The majority of men who have undergone vasectomy are good candidates for vasectomy reversal, all things equal. In most cases, the success of the procedure is more dependent upon the skill of the surgeon than the various factors that can influence a patient’s candidacy. Serving patients from Austin, Houston-based urologist Larry Lipshultz is a master of microsurgical techniques, having refined his skills through the performance of more than 2,000 vasectomy reversal surgeries during his two-decade career. The use of microsurgical techniques qualifies many men who, without such techniques, would not likely be good candidates for the procedure.
Nevertheless, not all men are suitable candidates for vasectomy reversal, nor is vasectomy reversal always the procedure most likely to result in successful pregnancy in every case. During initial consultations with Dr. Lipshultz, vasectomy reversal candidates are carefully screened and advised of their options so that they can make the most informed decisions regarding their fertility treatment plans.
Factors That May Influence Vasectomy Reversal Candidacy
There are several factors that may influence whether the vasectomy reversal is successful; however, these will not necessarily preclude a patient from undergoing the procedure. When vasectomy reversal is performed by a skilled microsurgeon such as Dr. Lipshultz, the effect of these factors is usually minimal, and the odds of success are extremely high.
Among the factors that can influence a patient’s candidacy are:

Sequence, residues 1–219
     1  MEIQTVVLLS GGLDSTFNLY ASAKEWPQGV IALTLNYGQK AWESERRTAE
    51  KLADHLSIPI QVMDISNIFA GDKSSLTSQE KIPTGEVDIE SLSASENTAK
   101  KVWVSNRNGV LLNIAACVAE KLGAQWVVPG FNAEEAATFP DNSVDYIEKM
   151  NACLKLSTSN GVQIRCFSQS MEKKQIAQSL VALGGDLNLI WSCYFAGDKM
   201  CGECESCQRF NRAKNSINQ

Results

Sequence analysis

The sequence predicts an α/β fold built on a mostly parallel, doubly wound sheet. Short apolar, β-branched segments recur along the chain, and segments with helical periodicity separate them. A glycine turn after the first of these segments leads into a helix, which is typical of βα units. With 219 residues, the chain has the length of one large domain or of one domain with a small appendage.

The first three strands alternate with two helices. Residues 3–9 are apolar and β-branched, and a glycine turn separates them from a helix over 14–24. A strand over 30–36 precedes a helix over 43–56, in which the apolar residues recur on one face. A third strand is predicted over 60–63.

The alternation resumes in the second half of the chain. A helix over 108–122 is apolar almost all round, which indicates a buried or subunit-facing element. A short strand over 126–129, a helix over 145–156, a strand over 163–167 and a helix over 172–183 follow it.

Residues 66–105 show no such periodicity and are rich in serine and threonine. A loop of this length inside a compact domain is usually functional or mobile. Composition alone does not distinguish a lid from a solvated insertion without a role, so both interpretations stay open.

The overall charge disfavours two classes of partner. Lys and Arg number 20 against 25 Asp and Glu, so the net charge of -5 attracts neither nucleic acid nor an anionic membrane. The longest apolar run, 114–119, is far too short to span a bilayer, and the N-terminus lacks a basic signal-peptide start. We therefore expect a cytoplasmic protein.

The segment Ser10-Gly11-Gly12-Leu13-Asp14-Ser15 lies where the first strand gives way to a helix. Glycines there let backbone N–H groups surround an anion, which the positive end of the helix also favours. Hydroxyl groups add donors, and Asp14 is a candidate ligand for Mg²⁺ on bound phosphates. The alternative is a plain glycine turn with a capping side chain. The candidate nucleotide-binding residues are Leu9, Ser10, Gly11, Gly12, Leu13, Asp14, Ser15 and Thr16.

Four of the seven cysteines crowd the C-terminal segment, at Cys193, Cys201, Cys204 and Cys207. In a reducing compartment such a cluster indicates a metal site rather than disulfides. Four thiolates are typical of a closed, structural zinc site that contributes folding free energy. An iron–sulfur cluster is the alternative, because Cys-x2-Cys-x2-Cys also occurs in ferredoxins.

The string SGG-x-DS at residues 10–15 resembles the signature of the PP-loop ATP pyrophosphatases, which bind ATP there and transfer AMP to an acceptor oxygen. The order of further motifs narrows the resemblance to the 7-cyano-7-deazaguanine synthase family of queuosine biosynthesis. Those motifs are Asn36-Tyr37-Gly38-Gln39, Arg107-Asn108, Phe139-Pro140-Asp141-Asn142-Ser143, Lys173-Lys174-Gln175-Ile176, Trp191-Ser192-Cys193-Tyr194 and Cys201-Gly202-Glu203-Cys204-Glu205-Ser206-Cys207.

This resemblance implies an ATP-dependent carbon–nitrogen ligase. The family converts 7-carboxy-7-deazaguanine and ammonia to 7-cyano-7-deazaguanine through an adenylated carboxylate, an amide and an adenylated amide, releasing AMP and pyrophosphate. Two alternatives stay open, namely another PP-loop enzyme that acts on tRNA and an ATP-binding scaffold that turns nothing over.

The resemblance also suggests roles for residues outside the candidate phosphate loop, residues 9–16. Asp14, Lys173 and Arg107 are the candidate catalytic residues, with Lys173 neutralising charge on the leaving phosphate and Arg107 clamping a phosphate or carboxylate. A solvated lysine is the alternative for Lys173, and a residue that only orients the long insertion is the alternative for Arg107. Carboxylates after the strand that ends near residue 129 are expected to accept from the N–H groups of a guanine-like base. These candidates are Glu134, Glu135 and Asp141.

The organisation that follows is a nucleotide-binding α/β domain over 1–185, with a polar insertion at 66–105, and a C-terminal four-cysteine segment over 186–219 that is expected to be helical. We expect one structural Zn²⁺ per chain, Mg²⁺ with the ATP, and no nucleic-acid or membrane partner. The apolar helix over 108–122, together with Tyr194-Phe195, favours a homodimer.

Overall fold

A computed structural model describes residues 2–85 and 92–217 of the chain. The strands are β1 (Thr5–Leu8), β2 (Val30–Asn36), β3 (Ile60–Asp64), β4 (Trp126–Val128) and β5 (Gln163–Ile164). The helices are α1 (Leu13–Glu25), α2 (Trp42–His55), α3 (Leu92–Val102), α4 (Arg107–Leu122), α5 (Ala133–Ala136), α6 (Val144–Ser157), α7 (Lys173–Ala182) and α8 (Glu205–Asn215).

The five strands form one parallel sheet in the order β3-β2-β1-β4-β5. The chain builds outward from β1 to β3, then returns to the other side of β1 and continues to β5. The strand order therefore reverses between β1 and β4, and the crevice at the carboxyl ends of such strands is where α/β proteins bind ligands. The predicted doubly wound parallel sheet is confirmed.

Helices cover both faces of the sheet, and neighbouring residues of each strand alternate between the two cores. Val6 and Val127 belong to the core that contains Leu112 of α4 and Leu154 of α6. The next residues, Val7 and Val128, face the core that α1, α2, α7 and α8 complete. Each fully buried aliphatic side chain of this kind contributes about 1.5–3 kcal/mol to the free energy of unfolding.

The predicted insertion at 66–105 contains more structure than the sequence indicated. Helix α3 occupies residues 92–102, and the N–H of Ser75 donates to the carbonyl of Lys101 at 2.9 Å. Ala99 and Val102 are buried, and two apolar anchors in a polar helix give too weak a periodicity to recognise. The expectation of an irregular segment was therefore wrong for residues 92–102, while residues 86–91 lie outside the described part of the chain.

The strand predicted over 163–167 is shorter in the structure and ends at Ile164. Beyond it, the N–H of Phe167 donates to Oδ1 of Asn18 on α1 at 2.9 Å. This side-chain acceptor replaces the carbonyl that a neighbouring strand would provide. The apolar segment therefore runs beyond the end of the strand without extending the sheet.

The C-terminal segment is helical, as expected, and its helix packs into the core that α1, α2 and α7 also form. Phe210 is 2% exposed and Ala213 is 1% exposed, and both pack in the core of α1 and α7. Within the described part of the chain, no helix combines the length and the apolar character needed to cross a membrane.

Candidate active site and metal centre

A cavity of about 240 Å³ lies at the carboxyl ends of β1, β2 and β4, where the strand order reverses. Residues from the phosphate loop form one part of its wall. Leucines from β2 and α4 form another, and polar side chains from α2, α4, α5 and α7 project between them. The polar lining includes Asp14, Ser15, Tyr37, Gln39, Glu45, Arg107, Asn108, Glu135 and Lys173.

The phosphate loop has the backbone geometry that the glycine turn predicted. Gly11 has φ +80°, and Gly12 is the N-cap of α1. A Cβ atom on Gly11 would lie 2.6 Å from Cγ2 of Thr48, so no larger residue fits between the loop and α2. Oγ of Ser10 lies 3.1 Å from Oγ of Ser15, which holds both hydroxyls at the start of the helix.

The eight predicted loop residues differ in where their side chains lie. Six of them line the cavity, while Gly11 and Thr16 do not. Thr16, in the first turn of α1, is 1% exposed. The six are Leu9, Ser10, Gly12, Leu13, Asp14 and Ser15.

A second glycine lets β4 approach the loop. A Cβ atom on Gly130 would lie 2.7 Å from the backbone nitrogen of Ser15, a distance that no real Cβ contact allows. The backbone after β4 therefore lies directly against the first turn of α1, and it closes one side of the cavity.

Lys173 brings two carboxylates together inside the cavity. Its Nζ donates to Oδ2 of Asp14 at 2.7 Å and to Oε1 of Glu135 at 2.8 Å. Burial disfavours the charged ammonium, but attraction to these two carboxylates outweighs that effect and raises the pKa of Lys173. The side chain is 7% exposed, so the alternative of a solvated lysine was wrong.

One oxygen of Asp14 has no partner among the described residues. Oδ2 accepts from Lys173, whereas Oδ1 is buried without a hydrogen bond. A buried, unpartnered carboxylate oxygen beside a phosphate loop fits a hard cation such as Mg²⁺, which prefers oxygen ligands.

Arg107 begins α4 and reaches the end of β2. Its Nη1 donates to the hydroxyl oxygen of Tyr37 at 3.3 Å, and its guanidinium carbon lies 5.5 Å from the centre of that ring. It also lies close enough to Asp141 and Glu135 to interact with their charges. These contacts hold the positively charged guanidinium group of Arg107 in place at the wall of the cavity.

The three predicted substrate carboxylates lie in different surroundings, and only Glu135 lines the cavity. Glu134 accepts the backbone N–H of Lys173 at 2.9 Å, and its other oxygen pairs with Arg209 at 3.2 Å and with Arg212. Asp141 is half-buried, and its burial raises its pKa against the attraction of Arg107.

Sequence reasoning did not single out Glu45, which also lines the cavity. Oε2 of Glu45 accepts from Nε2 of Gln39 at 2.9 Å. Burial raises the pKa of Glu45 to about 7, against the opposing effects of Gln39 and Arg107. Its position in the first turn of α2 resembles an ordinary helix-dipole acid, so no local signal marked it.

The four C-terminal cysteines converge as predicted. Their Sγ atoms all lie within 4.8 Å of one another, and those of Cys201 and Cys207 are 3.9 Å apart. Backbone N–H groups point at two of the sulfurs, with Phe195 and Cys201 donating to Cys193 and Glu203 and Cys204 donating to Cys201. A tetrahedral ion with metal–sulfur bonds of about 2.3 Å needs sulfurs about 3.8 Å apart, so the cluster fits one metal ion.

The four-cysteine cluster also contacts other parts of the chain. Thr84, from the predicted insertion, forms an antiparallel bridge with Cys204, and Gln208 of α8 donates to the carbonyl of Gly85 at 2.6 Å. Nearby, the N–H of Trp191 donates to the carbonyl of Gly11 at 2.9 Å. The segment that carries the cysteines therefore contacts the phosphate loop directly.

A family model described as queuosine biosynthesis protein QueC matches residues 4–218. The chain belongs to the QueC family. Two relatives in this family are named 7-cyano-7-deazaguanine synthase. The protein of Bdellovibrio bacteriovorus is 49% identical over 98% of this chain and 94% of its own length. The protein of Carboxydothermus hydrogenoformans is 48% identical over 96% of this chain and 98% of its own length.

- The amount of time that has passed since the vasectomy: The passage of time alone does not influence a man’s candidacy; he may undergo the procedure at any age and at any time, even decades after the vasectomy. However, as time passes, the risk of epididymal blockage increases. The epididymis is the tube that connects the ducts inside the testis to the vas deferens, and its rupture will prevent sperm from being present in the vas deferens. In such cases, Dr. Lipshultz has to perform a complex procedure called an epididymovasostomy, in which the vas deferens is reconnected directly to the epididymis. The success rates of epididymovasostomy fall between 50 and 60 percent, as opposed to the 95 percent success rate associated with microsurgical vasovasostomy, the technique used when there is no epididymal blockage.
- The site of the vasectomy: The point at which the vas deferens is severed can influence the potential for successful vasectomy reversal. Generally, the farther away from the testicle that the disruption occurs, the higher the chance of a successful reversal.
- Testicular health: Patients with irreversible testicular failure, a rare condition in which the testicles are no longer able to develop sperm or testosterone, will not benefit from vasectomy reversal. Patients with other testicular disorders, such as varicoceles (a relatively common condition in which the tiny veins around the testicle become enlarged, resulting in varicose veins), may still be good candidates for vasectomy reversal, but will possibly require the future treatment of their disorders to achieve pregnancy.
- Previous unsuccessful vasectomy reversal: Patients who have previously but unsuccessfully undergone vasectomy reversal may be good candidates for a second procedure. However, the likelihood of success is slightly less than it is with the first surgery. (If you are currently considering vasectomy reversal for the first time, this underscores the importance of entrusting your procedure to an experienced microsurgeon such as Dr. Lipshultz).
If it turns out that vasectomy reversal is not the best option in your case, Dr. Lipshultz will discuss alternative treatments with you, including intracytoplasmic sperm injection (ICSI) with advanced sperm retrieval techniques.
Find Out Whether You Are a Candidate for Vasectomy Reversal
To learn whether you are a good candidate for vasectomy reversal, we invite you to schedule a consultation with Dr. Lipshultz today.